Impressed with an improving economy, American consumers are feeling more confident, a private survey showed.
The Conference Board said Tuesday its consumer confidence index climbed to 92.6 this month from a revised 91 in November.
Consumers registered a more favorable view of current economic conditions; 17.1 percent said jobs were plentiful, up from 16.2 percent in November. Just 19.6 percent said business conditions were bad, down from 21.8 percent last month.
Expectations for the near future fell slightly. Compared to November, fewer consumers in December said they planned to buy a home or a car in the next six months. But 52.2 percent said they planned to buy a major appliance, the highest share since 2010, noted Laura Rosner, an economist at BNP Paribas. She predicts "continued strength in consumer spending." And their outlook is rosier now than it was when 2014 began.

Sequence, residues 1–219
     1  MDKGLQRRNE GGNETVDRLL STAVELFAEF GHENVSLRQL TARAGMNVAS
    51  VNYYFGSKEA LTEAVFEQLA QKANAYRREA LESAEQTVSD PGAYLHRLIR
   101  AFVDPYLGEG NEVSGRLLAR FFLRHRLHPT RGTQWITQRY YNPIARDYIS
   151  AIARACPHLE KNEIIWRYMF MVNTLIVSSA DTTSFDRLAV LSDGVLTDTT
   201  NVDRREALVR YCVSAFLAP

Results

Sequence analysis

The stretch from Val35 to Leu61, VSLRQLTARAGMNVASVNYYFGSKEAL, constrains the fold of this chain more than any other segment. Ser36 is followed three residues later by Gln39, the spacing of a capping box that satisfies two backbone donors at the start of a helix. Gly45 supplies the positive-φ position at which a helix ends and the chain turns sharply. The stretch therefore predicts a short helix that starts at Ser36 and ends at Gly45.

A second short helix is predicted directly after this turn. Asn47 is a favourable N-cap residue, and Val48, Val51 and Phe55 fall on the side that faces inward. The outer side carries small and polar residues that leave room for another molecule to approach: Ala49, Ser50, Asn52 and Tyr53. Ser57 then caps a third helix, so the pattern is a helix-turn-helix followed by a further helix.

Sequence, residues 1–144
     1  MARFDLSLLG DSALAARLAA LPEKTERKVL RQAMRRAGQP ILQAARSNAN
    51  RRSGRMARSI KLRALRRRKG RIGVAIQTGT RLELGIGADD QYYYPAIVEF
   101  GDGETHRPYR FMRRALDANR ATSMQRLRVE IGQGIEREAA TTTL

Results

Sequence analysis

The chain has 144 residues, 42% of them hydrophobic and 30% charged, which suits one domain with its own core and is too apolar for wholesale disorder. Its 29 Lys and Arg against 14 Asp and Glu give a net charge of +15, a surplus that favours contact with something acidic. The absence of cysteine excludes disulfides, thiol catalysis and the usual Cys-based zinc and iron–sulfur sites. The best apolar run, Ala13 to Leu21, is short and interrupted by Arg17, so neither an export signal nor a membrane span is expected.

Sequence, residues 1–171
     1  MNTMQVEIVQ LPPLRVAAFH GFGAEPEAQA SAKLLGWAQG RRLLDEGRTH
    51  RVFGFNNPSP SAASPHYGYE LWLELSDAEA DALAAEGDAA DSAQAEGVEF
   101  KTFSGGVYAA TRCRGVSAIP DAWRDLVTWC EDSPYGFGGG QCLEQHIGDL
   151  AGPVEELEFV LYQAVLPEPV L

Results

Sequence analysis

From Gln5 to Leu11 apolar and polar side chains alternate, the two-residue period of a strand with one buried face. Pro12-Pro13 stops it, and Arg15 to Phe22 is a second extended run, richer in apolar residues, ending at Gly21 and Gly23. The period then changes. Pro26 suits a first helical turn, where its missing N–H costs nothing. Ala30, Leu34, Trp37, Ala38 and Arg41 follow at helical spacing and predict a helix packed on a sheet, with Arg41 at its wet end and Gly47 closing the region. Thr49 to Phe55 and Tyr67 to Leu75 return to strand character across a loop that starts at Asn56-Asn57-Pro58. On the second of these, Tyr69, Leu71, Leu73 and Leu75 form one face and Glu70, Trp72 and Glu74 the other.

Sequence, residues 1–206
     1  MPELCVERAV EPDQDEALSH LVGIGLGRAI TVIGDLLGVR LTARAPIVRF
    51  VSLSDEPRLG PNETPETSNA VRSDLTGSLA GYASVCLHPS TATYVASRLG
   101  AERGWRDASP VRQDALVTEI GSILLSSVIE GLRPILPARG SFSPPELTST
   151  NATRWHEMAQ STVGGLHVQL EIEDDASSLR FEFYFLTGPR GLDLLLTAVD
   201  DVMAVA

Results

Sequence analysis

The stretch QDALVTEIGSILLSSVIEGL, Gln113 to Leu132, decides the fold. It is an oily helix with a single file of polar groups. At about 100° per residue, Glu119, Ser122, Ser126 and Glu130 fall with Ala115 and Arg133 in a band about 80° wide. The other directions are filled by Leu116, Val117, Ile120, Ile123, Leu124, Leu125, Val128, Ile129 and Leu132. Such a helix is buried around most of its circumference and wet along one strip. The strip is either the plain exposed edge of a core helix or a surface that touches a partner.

Consumers have plenty of reasons to feel better. The economy grew from July through September at a 5 percent annual rate, fastest clip in 11 years. Employers are adding nearly 241,000 jobs a month this year — on pace to make 2014 the best year for hiring since 1999. The unemployment rate remained at a six-year low 5.8 percent last month. The missing piece of the economic recovery is pay: Wages are barely keeping up with inflation.
Still, tumbling gasoline prices are putting a bit of cash back in consumers' pockets: According to AAA, the average gallon of gasoline nationwide costs $2.27, down from $2.78 a month ago.
Another measure of consumer confidence — the University of Michigan's consumer sentiment index — jumped this month to 93.6 from 88 in November. Michigan's December reading was the highest since January 2007, nearly a year before the Great Recession began.